Recognizing Leaders: Michael Jantzi, Sustainalytics

GlobeScan Dialogue: Recognizing Leaders | Michael Jantzi, Sustainalytics
Michael Jantzi is the CEO of Sustainalytics. He was the founder of Jantzi Research and has been active in the responsible investment field since 1990. Michael is a thought leader on sustainability investment and corporate social responsibility issues, and regularly appears in the global media. He is the co-author of The 50 Best Ethical Stocks for Canadians: High Value Investing, published by MacMillan Canada. GlobeScan co-CEO Chris Coulter recently spoke with Michael about changes in the Environment, Social and Governance (ESG) industry.

Sustainalytics is one of the world’s largest and best investment research firms specializing in sustainability. How did you get started in ESG investing?

Sustainability issues were always an important part of who I was, but I never saw myself working in the non-profit world, government, nor did I consider myself an activist. I cared about the environment and social justice. In practical terms, I was studying for some exams to become licensed by the Ontario Securities Commission and I happened to be listening to CBC radio and heard an interview of people doing ethical investing. That was it for me. It clicked: use money and investment capital to inform and influence corporate behavior. Now more than twenty-five years later we are finally feeling the tailwinds of sustainability in the investment space like never before.

How has the field of ESG investing changed over the past 25 years?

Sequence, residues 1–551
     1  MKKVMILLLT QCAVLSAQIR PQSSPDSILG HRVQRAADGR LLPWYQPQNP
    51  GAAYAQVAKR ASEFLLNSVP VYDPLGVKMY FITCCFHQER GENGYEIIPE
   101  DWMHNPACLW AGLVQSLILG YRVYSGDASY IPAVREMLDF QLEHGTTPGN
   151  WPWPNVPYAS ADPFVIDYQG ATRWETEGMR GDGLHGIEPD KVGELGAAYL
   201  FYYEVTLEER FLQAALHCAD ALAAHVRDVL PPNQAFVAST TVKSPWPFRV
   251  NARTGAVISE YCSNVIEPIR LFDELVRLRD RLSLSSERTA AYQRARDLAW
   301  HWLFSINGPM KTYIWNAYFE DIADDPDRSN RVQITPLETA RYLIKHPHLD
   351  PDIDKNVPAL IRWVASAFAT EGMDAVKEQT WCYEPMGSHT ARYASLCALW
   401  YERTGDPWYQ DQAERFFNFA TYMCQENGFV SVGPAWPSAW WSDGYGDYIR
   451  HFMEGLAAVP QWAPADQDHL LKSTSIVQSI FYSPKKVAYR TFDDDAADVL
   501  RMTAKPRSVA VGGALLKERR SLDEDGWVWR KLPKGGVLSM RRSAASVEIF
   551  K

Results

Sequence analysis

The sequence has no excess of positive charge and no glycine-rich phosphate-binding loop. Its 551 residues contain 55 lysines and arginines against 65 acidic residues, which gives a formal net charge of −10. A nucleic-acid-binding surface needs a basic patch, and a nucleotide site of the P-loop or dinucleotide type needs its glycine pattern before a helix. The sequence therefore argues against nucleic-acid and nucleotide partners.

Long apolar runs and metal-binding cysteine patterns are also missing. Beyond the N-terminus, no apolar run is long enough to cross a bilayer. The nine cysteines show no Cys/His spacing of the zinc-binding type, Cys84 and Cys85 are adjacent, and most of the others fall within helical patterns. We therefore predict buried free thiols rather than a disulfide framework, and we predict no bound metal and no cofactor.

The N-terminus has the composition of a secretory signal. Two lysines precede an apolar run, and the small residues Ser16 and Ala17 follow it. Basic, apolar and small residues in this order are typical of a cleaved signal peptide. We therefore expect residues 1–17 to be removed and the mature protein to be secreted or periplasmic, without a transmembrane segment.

The industry has certainly evolved. When we look back 25 years, responsible investing was pretty rudimentary compared to today’s standards. Our clients looked at the world through a dual-lens microscope: financial return and values or mission.
And then in the early 2000s, we saw a number of corporate scandals such as Enron, WorldCom, Nortel, Parmalat, Olympus and more. These governance failures helped start a whole new conversation in the investment community. Chief Investment Officers would tell me, “Michael, I would never have believed that governance could have such an impact on shareholder value. And if governance could have this impact, then maybe there is something to this environment and social stuff too.”
So, these corporate governance debacles were the catalyst for a new way of thinking about ESG investing. By the mid-2000s, about 20 institutional investors came together under the auspices of the United Nations. They formed the UN Principles for Responsible Investing (now referred to as simply the PRI) in April of 2006. These new aspirational principles were based on an underlying belief that integrating ESG was a smarter way to approach investment decision- making. Today there are 1700 signatories to the PRI with $60–70 trillion in assets under management.
Climate, water and human rights were not just seen to be values-driven or ethical issues, but in fact these were increasingly understood to be meaningful business issues with the potential to materially impact financial performance. Investors were looking at all of this differently and began to see ESG as an important component of fiduciary responsibility. And today responsible investing is now arguably a mainstream phenomenon.
This is not to say all investors believe or practice ESG now, but the fact is there are a lot fewer people in capital markets globally that question the reasons that underpin why ESG is important.
This is a huge shift. When I started 25 years ago the argument was that, as an investor, fiduciary responsibility meant that I couldn’t look at ESG issues. Now this is almost the reverse. As an investor, if I am not looking at all potential risks, if I am excluding ESG issues from my decision-making framework, indeed I may be transgressing my fiduciary responsibility.